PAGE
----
Murphree v. Murphree

Annotate this Case

600 So. 2d 301 (1992)

Cheryl A. MURPHREE v. Donald E. MURPHREE.

2910095.

Court of Civil Appeals of Alabama.

May 15, 1992.

*302 John P. Carlton of Carlton, Vann & Stichweh, Birmingham, for appellant.

J. Ronald Boyd and Randall W. Nichols of Boyd, Pate & Fernambucq, P.C., Birmingham, for appellee.

RUSSELL, Judge.

This is the second time that this case has been before this court. On May 22, 1989, Cheryl A. Murphree (wife) filed a complaint seeking a divorce from Donald E. Murphree (husband). The trial court granted the divorce on April 9, 1990, and awarded custody of the parties' two children to the husband. The wife was ordered to pay $250 per month in child support, and she appealed.

On appeal, this court held that the wife would be unable to pay both her living expenses and the ordered amount of child support, that the ordered amount of child support was beyond her ability to pay, and that the trial court's order was erroneous. The portion of the trial court's decree awarding child support was remanded for further proceedings. See Murphree v. Murphree, 579 So. 2d 634 (Ala.Civ.App. 1991).

On remand the trial court applied the Child Support Guidelines, Rule 32, Alabama Rules of Judicial Administration, and ordered that the wife pay child support in the amount of $274 per month. The wife appeals, contending that the trial court was required to decide the case on remand in conformity with this court's prior opinion. We reverse and remand.

At the outset we note that issues in a case on remand to the trial court after a decision on appeal become the law of the case, and it is the duty of the trial court to comply with the appellate mandate. Erbe v. Eady, 447 So. 2d 778 (Ala.Civ.App.1984). The trial court is not free to reconsider the issues; rather, if there are circumstances which arise that cast doubt on the correctness of the law of the case, arguments concerning departure from the mandate must be addressed to the appellate court. Id.

Further, it is mandatory in actions filed after October 9, 1989, that the child support guidelines be applied; however, the guidelines are optional in actions prior to that date. Preface, Rule 32, A.R.J.A.; Whitfield v. Whitfield, 570 So. 2d 700 (Ala. Civ.App.1990).

The record reveals that this action was filed prior to the date that the application of the guidelines became mandatory and that the original divorce decree granted $250 in child support without reference to the Child Support Guidelines. The only additional evidence presented to the court on remand was child support guideline forms which showed $1,312.64 gross monthly income for the wife and $3,222.00 gross monthly income for the husband.

When reversing the trial court in Murphree, this court stated as follows:

"The record shows that the wife is a secretary whose gross income averages $1,386.67 per month. The wife's fixed expenses for rent, utilities, and car payment alone total almost $1,000 monthly.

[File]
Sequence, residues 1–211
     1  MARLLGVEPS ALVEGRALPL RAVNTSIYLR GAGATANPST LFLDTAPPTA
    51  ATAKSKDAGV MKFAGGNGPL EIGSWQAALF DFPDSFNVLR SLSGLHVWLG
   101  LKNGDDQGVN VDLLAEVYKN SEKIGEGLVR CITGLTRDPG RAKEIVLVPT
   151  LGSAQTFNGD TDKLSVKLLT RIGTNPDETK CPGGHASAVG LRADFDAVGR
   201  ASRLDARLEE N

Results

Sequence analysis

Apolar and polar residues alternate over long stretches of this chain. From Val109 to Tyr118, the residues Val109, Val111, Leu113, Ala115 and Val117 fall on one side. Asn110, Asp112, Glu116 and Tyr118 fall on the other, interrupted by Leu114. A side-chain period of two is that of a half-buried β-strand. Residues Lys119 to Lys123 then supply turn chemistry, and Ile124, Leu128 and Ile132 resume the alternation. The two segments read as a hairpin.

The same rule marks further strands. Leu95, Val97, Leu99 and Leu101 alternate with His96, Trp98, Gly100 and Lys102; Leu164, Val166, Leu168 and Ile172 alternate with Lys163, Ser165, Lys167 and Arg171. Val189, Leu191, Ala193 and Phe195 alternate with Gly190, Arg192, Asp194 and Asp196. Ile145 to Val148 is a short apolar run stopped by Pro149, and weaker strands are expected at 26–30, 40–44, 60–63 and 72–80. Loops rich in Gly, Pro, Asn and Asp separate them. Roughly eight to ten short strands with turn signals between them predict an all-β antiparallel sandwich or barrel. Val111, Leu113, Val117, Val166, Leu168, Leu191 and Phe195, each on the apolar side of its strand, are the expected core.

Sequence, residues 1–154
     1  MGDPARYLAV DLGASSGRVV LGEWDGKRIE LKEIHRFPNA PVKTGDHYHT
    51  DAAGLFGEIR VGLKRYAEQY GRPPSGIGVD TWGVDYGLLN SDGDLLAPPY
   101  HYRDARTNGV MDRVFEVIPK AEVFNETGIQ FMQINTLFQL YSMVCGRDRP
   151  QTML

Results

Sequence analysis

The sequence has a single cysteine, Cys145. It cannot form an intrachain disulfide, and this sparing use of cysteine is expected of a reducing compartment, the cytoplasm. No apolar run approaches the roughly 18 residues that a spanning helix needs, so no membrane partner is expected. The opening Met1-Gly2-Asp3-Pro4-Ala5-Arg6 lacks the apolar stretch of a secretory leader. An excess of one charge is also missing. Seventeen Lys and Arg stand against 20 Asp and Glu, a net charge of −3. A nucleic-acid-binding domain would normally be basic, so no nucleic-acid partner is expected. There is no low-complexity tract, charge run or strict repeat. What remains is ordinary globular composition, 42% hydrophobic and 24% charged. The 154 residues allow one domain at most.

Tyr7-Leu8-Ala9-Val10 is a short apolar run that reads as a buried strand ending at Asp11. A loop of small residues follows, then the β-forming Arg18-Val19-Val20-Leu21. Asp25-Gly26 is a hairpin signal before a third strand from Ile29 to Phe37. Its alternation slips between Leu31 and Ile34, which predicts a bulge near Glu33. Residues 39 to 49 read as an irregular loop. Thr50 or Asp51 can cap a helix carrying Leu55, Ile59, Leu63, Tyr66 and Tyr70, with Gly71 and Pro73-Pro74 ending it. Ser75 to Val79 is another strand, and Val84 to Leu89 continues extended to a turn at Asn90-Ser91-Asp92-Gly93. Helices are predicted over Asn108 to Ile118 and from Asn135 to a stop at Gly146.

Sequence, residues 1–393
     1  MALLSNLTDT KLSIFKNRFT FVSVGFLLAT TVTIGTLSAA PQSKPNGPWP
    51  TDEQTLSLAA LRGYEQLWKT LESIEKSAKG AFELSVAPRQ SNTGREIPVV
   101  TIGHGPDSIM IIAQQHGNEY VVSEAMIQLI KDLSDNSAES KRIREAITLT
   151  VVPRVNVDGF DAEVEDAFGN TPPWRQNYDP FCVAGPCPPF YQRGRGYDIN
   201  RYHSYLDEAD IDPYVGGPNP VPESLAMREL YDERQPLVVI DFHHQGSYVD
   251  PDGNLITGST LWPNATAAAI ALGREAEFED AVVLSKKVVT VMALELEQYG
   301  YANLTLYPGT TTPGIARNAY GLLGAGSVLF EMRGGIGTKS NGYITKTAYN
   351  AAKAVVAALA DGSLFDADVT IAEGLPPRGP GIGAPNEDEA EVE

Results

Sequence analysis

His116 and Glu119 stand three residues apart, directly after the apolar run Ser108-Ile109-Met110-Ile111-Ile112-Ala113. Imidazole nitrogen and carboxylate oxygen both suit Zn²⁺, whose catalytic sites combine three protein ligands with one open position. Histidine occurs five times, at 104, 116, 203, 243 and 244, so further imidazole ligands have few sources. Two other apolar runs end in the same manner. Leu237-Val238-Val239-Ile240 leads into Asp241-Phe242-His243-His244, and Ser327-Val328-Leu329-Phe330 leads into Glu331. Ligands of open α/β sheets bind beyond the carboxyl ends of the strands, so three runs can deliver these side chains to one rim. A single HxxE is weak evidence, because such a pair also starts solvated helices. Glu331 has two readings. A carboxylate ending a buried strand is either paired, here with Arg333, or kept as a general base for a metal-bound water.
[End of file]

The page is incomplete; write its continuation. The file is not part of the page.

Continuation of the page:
*303 This leaves less than $400 from which the wife must pay all federal, state, and local taxes, along with the expenses of food, gasoline, and other necessities. It is thus clear that, even without the addition of $250 per month child support, the wife's salary is hardly sufficient to provide her with the essentials of life. In contrast, the record shows that the husband is employed as an electrician and earns a gross income in excess of $38,000 per year.

"It would not serve the best interests of the children to order payment of child support in an amount which the evidence clearly indicates is beyond the ability of the parent to pay. Travis v. Travis, 345 So. 2d 321 (Ala.Civ.App.1977). The facts clearly show that the wife will be unable to pay both her living expenses and the ordered amount of child support; thus, the ordered amount of child support is beyond her ability to pay and the trial court's order is erroneous. This aspect of the trial court's decree is remanded for further proceedings."

Murphree, 579 So. 2d at 637.

The wife contends that the trial court erred in increasing the amount of child support that she was ordered to pay rather than relieving her of the obligation to pay child support. She claims that the trial court was bound by this court's opinion and that such opinions must be followed and acted upon. We agree.

On remand the trial court applied the Child Support Guidelines, stating that there was no justifiable reason to deviate from the guideline amount. However, because this action was filed before October 9, 1989, it was not mandatory that the guidelines be applied. In contrast, this court found the previous amount of ordered child support to be erroneous and beyond the wife's ability to pay. The case was remanded for further proceedings. Clearly, given the facts and the language of the opinion, "further proceedings" meant a reduction in the amount of child support awarded. The trial court had a duty to comply with the mandate of this court, and arguments in support of departure from the mandate must be addressed to this court. Erbe, 447 So. 2d 778.

Therefore, this case is reversed and remanded with instructions for the trial court to enter an order consistent with the previous opinion of this court decreasing the amount of child support to an amount that is within the wife's ability to pay.

The wife requests an attorney's fee for representation on appeal. An attorney's fee is granted in the amount of $400.

REVERSED AND REMANDED WITH INSTRUCTIONS.

ROBERTSON, P.J., and THIGPEN, J., concur.